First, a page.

A frame 24 is situated to overlie the wall 12 immediately surrounding the opening to which the wall box 10 is mounted. The frame has a decorative outer portion 26 including an outwardly facing edge 28 and a forwardly facing lip 30. The inside perimeter 32 of the frame 24 is dimensioned to surround the wall box 10. Sets of flanges 34 project inwardly from the top and bottom of the frame to overlie tabs 18 in box 10. Each of the flanges 34 includes an opening 36 which can be aligned with the threaded holes 20 in tabs 18 of wall box 10. The openings 36 are slightly larger than the threaded holes 20 so a screw threaded fastener engaging the threads of hole 20 is not restricted by dimensions of the opening 36. The larger dimensioned openings of holes 36 also permit some modest amount of alignment of frame 24 with respect to wall box 10. The frame also includes laterally inwardly projecting flanges 38 which overlie the sides of box 10 and interact with magnetic holding strips 40. The flanges 34 and 38 can be combined to define a single inwardly projecting flange around the entire inside perimeter of the frame 24.
Two representative electrical circuit devices 42 and 44 are shown aligned for mounting within the wall box 10. The electrical switch 42 and the electrical outlet 44 each include mounting tabs 46 which overlie flanges 34. Each of the tabs 46 includes an opening 48 adapted to be aligned with openings 36 in flanges 34 of frame 24 and threaded openings 20 in tabs 18 of box 10. Screw threaded fasteners 49 shown only in FIG. 2 are inserted through openings 48 and 36 and engage the threads of openings 20. The fasteners 49 include heads 51 dimensioned sufficiently large to insure that the electrical devices 42 and 44, together with frame 24 are securely mounted to the tabs 18 of box 10. Each of the electrical devices 42 and 44 includes one or more threaded openings 50 and includes forwardly projecting portions 52 which are intended to project through the cover plate assembly as a whole for utilization in a conventional manner.
A cover plate assembly, in accordance with the present invention, also includes safety plates 54 which are preferably made of metal to form a suitable electrical ground. Each safety plate 54 includes one or more openings 56 adapted to receive the forwardly projecting portions 52 of the electrical devices 42 and 44 mounted within box 10. Additional openings 58 are provided to receive screw threaded fasteners 59 to be engaged in threaded openings 50 in the electrical devices 42 and 44. The fasteners 59, shown only in FIG. 2, include a head portion 61 which engages openings 58 to secure the safety plates 54 to the electrical devices 42 and 44. The safety plates 54 have a vertical dimension h small enough to be received within the inside perimeter 32 of frame 24, but sufficiently large to overlie flanges 34. Openings 60 are provided to align with openings 48 in the electrical devices 42 and 44, openings 36 in flanges 34 of frame 24, and openings 20 in tabs 18 of box 10. The size of opening 60 is such that the heads 61 of the screw threaded fasteners 59 securing the electrical devices 42 and 44 and the frame 24 to the box 10 do not engage the edges of opening 60.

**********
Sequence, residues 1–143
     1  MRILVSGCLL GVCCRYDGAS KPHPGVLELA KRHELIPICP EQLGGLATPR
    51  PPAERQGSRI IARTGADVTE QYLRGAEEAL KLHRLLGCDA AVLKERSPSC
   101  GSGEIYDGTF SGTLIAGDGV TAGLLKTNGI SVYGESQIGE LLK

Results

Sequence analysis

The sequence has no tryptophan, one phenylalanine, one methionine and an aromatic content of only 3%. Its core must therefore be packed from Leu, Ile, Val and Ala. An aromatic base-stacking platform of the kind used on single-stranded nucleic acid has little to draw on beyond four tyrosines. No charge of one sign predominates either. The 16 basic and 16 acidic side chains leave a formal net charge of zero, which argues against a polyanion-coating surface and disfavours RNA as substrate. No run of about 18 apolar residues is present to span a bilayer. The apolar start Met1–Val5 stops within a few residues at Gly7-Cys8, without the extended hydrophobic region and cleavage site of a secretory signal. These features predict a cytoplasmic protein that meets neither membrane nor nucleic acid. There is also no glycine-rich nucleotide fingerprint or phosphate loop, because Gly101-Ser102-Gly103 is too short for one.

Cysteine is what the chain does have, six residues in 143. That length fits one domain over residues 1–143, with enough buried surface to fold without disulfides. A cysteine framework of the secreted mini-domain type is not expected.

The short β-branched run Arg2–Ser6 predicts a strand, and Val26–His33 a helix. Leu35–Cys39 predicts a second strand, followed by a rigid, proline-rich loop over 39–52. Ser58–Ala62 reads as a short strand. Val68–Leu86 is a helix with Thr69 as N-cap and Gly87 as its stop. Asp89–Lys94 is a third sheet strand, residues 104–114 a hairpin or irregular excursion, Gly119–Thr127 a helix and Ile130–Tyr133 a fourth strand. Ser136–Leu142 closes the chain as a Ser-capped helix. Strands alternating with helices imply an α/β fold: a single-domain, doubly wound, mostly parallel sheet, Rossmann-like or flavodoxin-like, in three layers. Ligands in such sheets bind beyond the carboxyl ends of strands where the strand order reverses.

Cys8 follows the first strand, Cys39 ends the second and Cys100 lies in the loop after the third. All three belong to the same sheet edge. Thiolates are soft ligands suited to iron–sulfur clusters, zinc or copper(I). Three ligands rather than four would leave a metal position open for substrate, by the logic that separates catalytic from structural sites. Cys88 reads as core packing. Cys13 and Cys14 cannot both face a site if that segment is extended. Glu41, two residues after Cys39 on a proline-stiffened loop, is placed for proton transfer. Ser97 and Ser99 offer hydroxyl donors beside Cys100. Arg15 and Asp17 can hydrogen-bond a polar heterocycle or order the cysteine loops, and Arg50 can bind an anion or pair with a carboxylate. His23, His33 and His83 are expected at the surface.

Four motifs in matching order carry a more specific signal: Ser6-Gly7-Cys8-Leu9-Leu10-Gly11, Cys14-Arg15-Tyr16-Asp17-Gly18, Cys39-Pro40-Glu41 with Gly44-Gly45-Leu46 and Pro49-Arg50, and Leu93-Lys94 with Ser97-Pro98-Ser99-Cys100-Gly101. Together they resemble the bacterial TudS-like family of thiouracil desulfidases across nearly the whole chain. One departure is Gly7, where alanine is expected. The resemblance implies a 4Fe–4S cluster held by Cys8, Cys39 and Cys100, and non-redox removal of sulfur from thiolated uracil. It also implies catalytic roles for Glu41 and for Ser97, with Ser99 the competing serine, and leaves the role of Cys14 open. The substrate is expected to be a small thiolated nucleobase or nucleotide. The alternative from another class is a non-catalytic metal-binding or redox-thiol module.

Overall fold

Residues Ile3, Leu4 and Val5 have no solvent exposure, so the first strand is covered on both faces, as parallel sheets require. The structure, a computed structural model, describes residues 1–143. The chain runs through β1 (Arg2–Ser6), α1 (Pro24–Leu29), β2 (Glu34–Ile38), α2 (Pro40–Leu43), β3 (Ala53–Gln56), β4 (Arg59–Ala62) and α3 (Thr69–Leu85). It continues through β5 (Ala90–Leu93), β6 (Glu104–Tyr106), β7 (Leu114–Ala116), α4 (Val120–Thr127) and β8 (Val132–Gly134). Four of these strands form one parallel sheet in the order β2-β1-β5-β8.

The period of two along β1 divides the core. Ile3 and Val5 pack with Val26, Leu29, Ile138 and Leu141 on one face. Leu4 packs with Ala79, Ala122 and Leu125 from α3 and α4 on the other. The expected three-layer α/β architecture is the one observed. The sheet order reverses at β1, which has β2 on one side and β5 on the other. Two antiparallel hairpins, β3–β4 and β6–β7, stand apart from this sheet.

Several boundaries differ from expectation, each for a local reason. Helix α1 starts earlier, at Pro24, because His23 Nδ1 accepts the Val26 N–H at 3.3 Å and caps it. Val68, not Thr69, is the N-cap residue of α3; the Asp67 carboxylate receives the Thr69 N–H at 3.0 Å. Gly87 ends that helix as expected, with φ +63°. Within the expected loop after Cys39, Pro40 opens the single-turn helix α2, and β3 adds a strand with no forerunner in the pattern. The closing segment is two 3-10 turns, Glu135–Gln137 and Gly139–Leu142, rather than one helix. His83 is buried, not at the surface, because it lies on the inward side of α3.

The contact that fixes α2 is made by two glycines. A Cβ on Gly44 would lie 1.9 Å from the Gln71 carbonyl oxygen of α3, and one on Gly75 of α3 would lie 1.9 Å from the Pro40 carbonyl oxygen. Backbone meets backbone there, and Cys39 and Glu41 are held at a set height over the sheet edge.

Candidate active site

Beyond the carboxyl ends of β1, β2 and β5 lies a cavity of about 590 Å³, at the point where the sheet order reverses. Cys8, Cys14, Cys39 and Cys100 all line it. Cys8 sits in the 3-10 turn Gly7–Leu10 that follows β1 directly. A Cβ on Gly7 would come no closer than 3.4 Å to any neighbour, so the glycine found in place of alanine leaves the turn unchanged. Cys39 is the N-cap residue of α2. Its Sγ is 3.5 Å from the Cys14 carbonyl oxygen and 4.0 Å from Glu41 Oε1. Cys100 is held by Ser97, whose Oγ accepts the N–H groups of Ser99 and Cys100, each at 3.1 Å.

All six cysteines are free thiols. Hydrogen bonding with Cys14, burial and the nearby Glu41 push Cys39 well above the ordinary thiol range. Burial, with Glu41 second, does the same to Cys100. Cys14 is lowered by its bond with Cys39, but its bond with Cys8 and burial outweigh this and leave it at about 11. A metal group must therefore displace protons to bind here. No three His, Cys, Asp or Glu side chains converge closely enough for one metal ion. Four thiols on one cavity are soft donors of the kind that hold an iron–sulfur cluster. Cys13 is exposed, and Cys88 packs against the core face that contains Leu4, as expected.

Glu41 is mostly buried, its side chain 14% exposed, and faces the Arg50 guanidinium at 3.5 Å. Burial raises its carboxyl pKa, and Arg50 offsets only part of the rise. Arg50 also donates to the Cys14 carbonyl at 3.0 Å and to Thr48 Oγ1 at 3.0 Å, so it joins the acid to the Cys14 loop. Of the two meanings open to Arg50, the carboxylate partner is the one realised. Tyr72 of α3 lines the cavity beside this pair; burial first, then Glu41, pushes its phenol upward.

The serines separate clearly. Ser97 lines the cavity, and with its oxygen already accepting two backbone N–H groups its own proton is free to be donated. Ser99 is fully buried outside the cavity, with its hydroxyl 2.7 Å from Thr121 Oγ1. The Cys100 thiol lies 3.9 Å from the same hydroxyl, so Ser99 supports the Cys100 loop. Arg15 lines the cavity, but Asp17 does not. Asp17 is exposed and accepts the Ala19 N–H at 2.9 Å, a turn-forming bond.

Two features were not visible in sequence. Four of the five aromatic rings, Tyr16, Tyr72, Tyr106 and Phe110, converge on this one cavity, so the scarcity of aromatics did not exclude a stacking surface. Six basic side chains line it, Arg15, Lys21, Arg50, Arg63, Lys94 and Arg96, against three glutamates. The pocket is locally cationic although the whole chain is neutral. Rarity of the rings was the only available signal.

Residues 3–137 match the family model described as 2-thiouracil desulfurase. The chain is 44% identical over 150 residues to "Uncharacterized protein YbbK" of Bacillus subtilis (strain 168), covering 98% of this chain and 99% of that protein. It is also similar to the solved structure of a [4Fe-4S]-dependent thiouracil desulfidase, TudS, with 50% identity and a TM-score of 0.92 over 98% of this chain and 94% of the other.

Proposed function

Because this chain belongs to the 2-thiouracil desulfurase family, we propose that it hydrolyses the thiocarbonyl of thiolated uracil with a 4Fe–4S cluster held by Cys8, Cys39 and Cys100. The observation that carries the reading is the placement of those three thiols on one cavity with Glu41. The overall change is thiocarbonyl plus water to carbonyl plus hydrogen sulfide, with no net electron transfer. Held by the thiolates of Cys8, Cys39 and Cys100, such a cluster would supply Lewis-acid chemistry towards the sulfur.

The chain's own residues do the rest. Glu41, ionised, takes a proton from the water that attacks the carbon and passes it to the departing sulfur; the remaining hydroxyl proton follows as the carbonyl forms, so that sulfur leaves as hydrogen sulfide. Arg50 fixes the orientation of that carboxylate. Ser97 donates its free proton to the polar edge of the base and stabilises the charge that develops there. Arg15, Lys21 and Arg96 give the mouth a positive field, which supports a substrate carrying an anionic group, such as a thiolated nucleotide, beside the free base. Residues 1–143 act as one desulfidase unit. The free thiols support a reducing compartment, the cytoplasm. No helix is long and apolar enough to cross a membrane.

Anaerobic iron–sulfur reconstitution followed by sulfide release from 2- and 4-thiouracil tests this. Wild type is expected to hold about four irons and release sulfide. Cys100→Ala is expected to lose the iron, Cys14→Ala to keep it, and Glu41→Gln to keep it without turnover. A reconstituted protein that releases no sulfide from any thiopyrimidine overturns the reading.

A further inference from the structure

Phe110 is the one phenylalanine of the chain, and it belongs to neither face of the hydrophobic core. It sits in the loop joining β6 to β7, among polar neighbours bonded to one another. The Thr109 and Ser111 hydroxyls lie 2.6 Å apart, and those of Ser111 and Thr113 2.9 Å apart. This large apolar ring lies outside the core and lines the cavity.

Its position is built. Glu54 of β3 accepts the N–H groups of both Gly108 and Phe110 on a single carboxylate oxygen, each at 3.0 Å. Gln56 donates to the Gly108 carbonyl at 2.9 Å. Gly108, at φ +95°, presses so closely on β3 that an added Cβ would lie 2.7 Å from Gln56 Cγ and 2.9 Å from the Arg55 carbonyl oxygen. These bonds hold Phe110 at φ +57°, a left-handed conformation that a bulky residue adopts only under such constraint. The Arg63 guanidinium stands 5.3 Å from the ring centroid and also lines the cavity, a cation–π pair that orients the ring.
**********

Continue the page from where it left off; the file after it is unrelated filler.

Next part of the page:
The safety plates 54 include horizontal projecting portions 62 which extend laterally beyond the width w of each safety plate 54. The horizontal projections are situated on diagonally opposite corners and are adapted to engage one or more corners 39 on the inside perimeter 32 of frame 24. The horizontal projections 62 are defined, in part, by a diagonal edge 64. The corners of the safety plates 54 which do not incorporate a horizontal projection 62 include a truncated diagonal edge 66. The truncated edges 66 and diagonal edges 64 of the horizontal projection 62 are adapted to interfit to aid in the proper positioning of the underlying electrical devices 42 and 44. The position of the electrical devices 42 and 44 can be adjusted after the safety plates 54 have been secured in place since the openings 60 are sufficiently large that the heads 61 of the mounting screws 59 mounting the electrical devices to the wall box 10 are free to be manipulated through the openings 60.
The cover plate assembly of the present invention includes a decorative cover plate 68 having an outer edge 70 dimensioned to be received immediately inside the forwardly facing lip 30 of frame 24. The decorative cover plate includes opening 72 designed to receive the forwardly projecting portions 52 of the electrical devices 42 and 44. The decorative cover plate 68 is otherwise free from any openings and is intended to completely cover and obscure the various fasteners 49 and 59 holding the remaining portion of the cover plate assembly together. The decorative cover plate is retained in position by the magnetic strips 40 which interact with the cover plate 68, the flanges 38 of frame 24, and the sides of wall box 10 so the assembly as a whole appears to be free from any attachment means whatsoever.
Although the present invention has been described in connection with the preferred embodiment illustrated in the accompanying figures, other variations and modifications may be apparent to those skilled in the art which come within the scope of the present invention as defined by the claims which follow.
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|U.S. Classification||220/242, 220/3.8, 439/536, 439/38, 220/230|
|Aug 23, 1993||AS||Assignment|
Owner name: DS INC., INDIANA
Free format text: ASSIGNMENT OF ASSIGNORS INTEREST;ASSIGNOR:FORD, DOUGLAS K.;REEL/FRAME:006684/0832
Effective date: 19930817
|May 4, 1999||REMI||Maintenance fee reminder mailed|
|Oct 10, 1999||LAPS||Lapse for failure to pay maintenance fees|
|Dec 21, 1999||FP||Expired due to failure to pay maintenance fee|
Effective date: 19991010